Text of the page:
TPCASTT Poem Analysis Method

TPCASTT Poem Analysis Method
Poems can be very difficult to interpret because a lot of what they have to say is not written but is implied. A major problem that students have with interpreting poetry is that they read the poem once, pick out a detail or two and then jump to a conclusion, often the wrong conclusion. To avoid this pitfall, it is important to gather significant data and try out different hypotheses before drawing a conclusive interpretation. These steps, sort of like the scientific method, comprise a safe way to avoid serious misinterpretations.
Ponder the title before reading the poem. Make up questions about the title. There are two kinds of titles: interactive titles and naming titles. Interactive titles are have some sort of interplay with poem itself and can affect its meaning. Naming titles may give less crucial information. If a poem lacks a title, you can do this step with the first line of the poem or skip it.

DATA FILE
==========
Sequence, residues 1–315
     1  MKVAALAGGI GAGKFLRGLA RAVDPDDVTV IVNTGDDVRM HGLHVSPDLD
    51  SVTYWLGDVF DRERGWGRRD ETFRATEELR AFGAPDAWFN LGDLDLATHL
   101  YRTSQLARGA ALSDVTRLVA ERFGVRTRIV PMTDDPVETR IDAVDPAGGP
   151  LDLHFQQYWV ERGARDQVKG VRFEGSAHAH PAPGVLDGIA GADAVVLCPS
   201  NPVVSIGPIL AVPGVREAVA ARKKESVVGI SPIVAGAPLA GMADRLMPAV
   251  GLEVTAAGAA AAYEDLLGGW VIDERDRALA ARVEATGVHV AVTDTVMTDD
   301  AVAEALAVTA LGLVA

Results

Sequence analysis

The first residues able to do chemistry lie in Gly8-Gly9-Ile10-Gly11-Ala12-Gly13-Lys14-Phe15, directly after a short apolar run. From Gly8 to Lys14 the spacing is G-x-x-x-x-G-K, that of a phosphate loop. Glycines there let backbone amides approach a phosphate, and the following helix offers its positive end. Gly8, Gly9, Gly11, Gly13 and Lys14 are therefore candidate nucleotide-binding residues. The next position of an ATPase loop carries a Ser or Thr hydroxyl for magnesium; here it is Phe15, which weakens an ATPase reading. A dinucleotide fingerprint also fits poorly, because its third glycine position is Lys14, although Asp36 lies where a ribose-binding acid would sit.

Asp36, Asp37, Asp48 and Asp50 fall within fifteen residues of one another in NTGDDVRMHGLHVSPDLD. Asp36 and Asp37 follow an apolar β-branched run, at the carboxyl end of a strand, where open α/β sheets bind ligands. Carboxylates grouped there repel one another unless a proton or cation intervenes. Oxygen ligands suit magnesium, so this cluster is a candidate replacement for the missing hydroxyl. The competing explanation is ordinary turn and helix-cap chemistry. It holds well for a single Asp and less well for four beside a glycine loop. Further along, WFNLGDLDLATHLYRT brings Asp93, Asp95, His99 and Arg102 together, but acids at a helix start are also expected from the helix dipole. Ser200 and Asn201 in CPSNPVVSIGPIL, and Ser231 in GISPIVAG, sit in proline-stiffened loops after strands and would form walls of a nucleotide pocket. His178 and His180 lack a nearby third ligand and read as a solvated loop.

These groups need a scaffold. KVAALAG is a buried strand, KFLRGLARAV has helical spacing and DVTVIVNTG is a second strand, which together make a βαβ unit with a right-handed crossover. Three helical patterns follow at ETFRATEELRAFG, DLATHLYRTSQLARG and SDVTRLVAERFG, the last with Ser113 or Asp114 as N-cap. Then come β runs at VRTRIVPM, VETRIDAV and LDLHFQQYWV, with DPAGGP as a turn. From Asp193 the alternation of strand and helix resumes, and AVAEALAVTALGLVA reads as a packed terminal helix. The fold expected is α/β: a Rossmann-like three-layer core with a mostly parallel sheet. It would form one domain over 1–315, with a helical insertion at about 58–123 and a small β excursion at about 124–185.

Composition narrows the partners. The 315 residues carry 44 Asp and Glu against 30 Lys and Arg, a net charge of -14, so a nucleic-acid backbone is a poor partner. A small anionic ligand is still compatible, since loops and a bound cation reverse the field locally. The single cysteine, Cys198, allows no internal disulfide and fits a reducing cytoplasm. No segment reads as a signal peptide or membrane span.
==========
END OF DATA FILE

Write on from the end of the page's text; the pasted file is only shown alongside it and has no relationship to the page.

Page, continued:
Translate the poem into your own words. And I mean translate! Word for word! Find synonyms for every possible word. Summarizing is NOT paraphrasing!
Contemplate the poem for meaning beyond the literal. Identify and figure out the figurative language.
After identifying a subject/topic of the poem, figure out how the speaker (and/or the poet) feels about it.
Note transitions in the poem. Shifts in subject, attitude, mood, or motif.
Examine the title again, this time on an interpretive level. Answer your questions. Figure out how the title illuminates the poem. Remember a "naming title" may not mean much. Remember you can do this with the first line of a poem if it lacks a title or you can skip this step altogether.

After identifying a subject/topic of the poem, determine what the poet thinks about the subject. What is his/her opinion.

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